Consequently, this Court has no jurisdiction over this appeal. 5
CARLEY, Justice, concurring specially.
I concur fully in the affirmance of the trial court's denial of an interlocutory injunction, but I do not agree with the majority's conclusion in footnote 2 that original appellate jurisdiction over this case lies in the Court of Appeals. I firmly believe that this appeal is clearly within this Court's "equity" jurisdiction and that we have the constitutional obligation to consider it.
We transferred Pittman v. Harbin Clinic Professional Assn., 263 Ga. 66 (428 SE2d 328) (1993)
to the Court of Appeals because "[t]he primary question to be answered . . . [was] whether the trial court properly construed the contracts." Pittman involved the trial court's non-discretionary rulings as to permanent injunctive relief. "[B]oth the orders enjoining the partners from violating their contracts and the orders denying the injunctive relief were secondary to the principal issue of the construction of the contracts -- an issue of law. [Cit.]" Pittman, supra at 66-67. However, this case involves a trial court's ruling on a request for interlocutory injunctive relief. Unlike a permanent injunction, the function of an interlocutory injunction is to preserve the status quo, rather than to make a final disposition of the case. Ga. Canoeing Assn. v. Henry, 263 Ga. 77 (428 SE2d 336) (1993)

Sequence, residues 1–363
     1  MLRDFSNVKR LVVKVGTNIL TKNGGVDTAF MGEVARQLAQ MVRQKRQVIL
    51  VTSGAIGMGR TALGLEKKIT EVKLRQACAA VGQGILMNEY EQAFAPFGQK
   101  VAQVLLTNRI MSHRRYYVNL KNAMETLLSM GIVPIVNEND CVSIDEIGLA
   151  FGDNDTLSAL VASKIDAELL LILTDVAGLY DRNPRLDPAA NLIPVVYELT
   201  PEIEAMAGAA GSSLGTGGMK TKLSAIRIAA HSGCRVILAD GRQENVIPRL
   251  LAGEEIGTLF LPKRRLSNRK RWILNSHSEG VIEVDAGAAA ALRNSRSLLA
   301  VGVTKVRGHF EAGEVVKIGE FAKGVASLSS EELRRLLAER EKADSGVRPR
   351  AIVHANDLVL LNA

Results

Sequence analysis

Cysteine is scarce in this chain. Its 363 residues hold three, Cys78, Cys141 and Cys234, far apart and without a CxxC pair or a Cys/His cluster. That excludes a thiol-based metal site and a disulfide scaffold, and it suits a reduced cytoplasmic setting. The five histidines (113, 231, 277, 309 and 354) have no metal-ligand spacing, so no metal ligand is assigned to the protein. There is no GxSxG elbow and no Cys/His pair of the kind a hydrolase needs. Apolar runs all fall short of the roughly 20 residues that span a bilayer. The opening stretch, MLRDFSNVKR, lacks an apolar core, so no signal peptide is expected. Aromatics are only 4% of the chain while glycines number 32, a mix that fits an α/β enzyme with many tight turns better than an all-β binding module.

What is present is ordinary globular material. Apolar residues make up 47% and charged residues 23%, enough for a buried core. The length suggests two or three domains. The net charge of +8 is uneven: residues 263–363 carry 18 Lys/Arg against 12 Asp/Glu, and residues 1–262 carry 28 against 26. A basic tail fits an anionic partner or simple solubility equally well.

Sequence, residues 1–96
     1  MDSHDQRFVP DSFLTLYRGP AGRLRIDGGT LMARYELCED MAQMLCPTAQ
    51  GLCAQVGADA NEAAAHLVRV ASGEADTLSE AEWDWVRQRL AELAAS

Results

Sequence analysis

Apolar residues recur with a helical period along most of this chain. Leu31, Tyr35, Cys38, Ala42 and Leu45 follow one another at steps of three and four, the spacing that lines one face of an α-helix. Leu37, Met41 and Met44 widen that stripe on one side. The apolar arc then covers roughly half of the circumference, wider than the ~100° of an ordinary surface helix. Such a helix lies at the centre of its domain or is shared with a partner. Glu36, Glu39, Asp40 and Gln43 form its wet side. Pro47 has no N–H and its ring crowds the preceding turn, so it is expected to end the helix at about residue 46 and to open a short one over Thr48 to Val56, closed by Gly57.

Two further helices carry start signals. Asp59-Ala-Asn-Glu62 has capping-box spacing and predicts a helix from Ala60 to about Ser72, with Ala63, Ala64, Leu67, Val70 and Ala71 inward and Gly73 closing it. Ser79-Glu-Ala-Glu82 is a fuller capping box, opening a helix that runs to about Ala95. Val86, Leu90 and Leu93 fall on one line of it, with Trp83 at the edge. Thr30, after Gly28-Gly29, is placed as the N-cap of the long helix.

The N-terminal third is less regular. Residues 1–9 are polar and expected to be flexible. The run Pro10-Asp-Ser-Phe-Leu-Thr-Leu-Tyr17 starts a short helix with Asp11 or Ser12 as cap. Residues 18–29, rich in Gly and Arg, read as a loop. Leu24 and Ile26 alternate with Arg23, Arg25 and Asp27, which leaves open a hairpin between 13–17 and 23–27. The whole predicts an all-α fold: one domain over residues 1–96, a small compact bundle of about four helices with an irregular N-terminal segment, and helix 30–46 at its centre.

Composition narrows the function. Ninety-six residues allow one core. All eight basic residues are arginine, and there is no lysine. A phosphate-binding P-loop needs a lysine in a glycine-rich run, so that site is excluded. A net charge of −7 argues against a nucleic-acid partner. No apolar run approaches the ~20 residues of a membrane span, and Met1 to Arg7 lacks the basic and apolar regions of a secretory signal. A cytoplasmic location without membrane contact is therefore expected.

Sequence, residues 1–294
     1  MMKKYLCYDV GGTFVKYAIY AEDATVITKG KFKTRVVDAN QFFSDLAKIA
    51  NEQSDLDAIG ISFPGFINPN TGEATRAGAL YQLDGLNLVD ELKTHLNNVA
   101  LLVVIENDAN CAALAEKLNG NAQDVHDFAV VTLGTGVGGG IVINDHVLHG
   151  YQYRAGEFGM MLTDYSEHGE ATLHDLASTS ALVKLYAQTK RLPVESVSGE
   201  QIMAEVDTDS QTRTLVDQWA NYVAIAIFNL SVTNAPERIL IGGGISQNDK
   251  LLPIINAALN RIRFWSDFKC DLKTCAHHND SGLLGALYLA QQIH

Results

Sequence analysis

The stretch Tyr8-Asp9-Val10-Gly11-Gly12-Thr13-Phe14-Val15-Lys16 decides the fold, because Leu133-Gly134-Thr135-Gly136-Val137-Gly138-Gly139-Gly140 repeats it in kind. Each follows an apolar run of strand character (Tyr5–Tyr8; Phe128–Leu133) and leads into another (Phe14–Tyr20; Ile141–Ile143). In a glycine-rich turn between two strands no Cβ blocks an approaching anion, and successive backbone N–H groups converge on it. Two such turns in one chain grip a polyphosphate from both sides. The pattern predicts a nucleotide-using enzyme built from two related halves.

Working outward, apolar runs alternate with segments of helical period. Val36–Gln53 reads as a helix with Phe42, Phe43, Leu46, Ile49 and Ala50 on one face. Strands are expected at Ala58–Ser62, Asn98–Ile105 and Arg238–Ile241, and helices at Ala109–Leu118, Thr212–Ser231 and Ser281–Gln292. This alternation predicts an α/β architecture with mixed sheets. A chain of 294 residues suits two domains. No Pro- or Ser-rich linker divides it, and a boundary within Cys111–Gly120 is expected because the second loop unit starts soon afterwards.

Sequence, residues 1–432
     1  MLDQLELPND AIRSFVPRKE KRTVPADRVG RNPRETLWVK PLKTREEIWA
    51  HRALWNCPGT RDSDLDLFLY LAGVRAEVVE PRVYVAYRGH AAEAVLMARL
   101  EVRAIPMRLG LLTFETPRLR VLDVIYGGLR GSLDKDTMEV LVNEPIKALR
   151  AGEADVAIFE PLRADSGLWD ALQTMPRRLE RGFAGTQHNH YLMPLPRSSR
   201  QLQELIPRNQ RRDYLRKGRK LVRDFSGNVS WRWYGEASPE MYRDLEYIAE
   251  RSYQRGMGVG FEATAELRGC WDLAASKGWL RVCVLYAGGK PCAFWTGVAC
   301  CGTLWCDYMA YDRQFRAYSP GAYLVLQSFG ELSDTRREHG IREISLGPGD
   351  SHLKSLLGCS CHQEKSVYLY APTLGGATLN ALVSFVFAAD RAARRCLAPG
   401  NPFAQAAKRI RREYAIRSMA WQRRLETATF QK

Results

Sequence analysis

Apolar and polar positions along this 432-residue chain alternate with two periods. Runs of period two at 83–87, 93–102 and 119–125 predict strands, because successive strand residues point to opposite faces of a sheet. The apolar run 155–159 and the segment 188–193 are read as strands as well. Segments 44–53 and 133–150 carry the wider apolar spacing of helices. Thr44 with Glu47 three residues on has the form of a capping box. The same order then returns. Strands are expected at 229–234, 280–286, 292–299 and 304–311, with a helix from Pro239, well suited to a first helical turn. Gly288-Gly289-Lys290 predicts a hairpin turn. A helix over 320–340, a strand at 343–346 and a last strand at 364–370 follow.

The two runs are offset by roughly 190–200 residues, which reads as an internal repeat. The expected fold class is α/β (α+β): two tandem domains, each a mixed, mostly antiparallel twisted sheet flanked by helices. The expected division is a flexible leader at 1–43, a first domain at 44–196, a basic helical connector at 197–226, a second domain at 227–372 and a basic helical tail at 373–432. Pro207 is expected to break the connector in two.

. "The purpose of an interlocutory injunction is preliminary and preparatory; it looks to a future final hearing, and while contemplating what the result of that hearing may be, it does not settle what it shall be. [Cit.]" (Emphasis in original.) Milton Frank Allen Publications v. Ga. Assn. of Petroleum Retailers, 223 Ga. 784
, 788 (158 SE2d 248
) (1967). On application for an interlocutory injunction, "there should be a balancing of conveniences and a consideration of whether greater harm might be done by granting than by refusing it. [Cit.]" Parker v. West View Cemetery Assn., 195 Ga. 237
, 244 (24 SE2d 29
) (1943). " 'Generally, the trial court has broad discretion to decide whether to grant or deny an interlocutory injunction. (Cit.)' [Cit.]" Hunter v. George, 265 Ga. 573
, 575 (3) (458 SE2d 830